At his now infamous July 5, 2016 press conference during which he exonerated Hillary Clinton, former FBI Director James Comey said that “no reasonable prosecutor” would bring a case against her for mishandling classified information. That is, except for the FBI’s top lawyer, James Baker.
Rumors were circling at the time that there was disagreement among FBI leadership about whether or not to charge Clinton.
Baker testified in October at a closed hearing before Congressional investigators. Although the transcripts from this hearing have not been made public, Fox News has confirmed the relevant portions. Fox also reported that “Baker’s testimony was considered thorough and highly credible by those in the room.”
Contrary to James Comey’s claim that the FBI’s decision not to charge Hillary Clinton was unanimous, Baker’s testimony tells us otherwise.
Baker: Pursuant to the statutes that we were considering at the time, it was the nature and scope of the classified information that, to me, initially, when I looked at it, I thought these folks should know that this stuff is classified, that it was alarming what they were talking about, especially some of the most highly classified stuff.
Unidentified lawmaker to Baker: I have reason to believe that you originally believed it was appropriate to charge Hillary Clinton with regard to violations of law — various laws with regard to the mishandling of classified information. Is that accurate?
Lawmaker: And I understood that, that you had to be persuaded, and stated as a basis that ultimately you were persuaded there was a lack of evidence establishing knowledge or criminal intent, correct?
Baker: Sorry. Pretty late in the process, because we were arguing about it, I think, up until the end.
(There was discussion about changes that had been made to Comey’s original draft of his exoneration memo.)
Comey wrote the first draft of this memo on May 2, 2016 and had described Clinton’s handling of classified information as “grossly negligent.” This language was later changed by former FBI agent Peter Strzok to “extremely careless,” which was a “significant legal distinction.”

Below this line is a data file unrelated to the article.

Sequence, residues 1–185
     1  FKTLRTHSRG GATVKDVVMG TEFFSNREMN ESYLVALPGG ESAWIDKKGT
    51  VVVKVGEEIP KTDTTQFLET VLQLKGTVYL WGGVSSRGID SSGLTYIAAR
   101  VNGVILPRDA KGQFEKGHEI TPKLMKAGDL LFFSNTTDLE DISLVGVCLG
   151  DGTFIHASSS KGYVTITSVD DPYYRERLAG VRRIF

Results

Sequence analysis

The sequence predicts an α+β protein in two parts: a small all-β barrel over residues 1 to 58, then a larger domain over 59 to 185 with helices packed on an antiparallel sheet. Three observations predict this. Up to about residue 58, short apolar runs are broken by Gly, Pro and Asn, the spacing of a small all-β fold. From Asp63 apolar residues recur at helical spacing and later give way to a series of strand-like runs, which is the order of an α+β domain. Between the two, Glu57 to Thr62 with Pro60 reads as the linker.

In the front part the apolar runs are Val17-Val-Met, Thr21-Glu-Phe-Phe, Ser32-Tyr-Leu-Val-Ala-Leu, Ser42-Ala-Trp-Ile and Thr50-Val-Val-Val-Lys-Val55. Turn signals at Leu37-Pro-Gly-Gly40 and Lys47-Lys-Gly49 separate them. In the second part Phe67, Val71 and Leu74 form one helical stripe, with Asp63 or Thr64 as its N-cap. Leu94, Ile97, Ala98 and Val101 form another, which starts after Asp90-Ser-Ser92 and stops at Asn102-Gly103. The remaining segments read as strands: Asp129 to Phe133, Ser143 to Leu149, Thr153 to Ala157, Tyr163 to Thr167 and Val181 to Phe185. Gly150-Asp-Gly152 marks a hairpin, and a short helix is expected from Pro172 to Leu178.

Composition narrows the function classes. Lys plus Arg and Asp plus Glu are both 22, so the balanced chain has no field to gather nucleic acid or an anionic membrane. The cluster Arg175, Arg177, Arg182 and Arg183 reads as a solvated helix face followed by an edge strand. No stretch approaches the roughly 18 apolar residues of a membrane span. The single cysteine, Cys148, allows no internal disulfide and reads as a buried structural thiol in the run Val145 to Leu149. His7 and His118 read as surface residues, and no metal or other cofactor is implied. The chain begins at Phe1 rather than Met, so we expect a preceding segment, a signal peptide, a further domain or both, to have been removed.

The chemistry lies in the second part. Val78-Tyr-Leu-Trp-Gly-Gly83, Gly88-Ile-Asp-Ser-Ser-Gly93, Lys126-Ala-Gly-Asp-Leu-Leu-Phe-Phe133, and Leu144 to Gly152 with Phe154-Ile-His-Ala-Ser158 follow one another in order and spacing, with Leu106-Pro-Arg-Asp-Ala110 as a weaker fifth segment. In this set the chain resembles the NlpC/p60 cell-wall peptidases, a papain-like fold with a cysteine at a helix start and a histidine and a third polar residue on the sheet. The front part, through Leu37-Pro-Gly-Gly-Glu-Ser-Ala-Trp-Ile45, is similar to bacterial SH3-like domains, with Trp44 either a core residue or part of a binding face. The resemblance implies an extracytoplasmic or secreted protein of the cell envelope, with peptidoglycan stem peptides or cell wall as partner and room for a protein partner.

In the May draft, Comey also wrote that “it was reasonably likely” that “hostile actors” had gained access to Clinton’s private email account. That was changed later to say the scenario was merely “possible.”
Baker was questioned about these changes.
Baker: Well, I know there’s been a lot of public discussion about that. I believe if I had been persuaded that she had the intent, I would have argued that vociferously with him [Comey] and maybe changed his view. And I think he would have been receptive to changing his view even after he wrote that thing.
My original belief — well, after having conducted the investigation and towards the end of it, then sitting down and reading a binder of her materials, I thought that it was alarming, appalling, whatever words I said, and argued with others about why they thought she shouldn’t be charged.
I was struggling with the facts about even just ascertaining what literally did she know and what was reasonable to infer about what she knew.
The decision not to charge Clinton for mishandling of classified information, as James Comey saw it, was based on “intent.” He did not believe that Hillary “intended” to mishandle classified information. He said the following at his July 2016 press conference:
All the cases prosecuted involved some combination of clearly intentional and willful mishandling of classified information, or vast quantities of materials exposed in such a way as to support an inference of intentional misconduct, or indications of disloyalty to the United States… We do not see those things here.
But the applicable statute does not consider intent. The full statute, 18 U.S.C. § 793(f), can be read here. “Section 793(f) makes it a felony for any person “entrusted with… information relating to the national defense” to allow that information to be “removed from its proper place of custody” through “gross negligence.”
The FBI’s failure to prosecute Hillary Clinton needs to be revisited by the Department of Justice. It’s obvious that her exoneration was a foregone conclusion. The FBI just had to make it appear as if they had conducted an honest investigation.
While writing this post, I looked back through posts I had written less than one year ago. The amount of information that has been uncovered about the FBI’s wrongdoing since that time is startling. But because the process has been so slow, we may not “feel” that much progress has been made.
The majority of readers express doubt that any of the perpetrators or participants in the conspiracy to take out Trump will be held accountable. I would argue that far too much is known already for it to be buried.
Although many of the players refuse to tell the truth, others such as James Baker, DOJ official Bruce Ohr and former FBI lawyer Lisa Page have been more forthcoming. There have been several instances already in which their testimonies have contradicted earlier statements made by those who have been less candid with investigators. These are issues that can be exploited to arrive at the truth.
It’s not rocket science. The creatures of the deep state are human beings like the rest of us. Some are open. Others are liars. Some are convinced they’re right even when they’re wrong. We all act to protect our self-interests, our agendas and they are no different.
Finally, we don’t know all the information that has been gathered so far. Almost every day, we learn something new that investigators knew months ago.
This process is farther along than we think.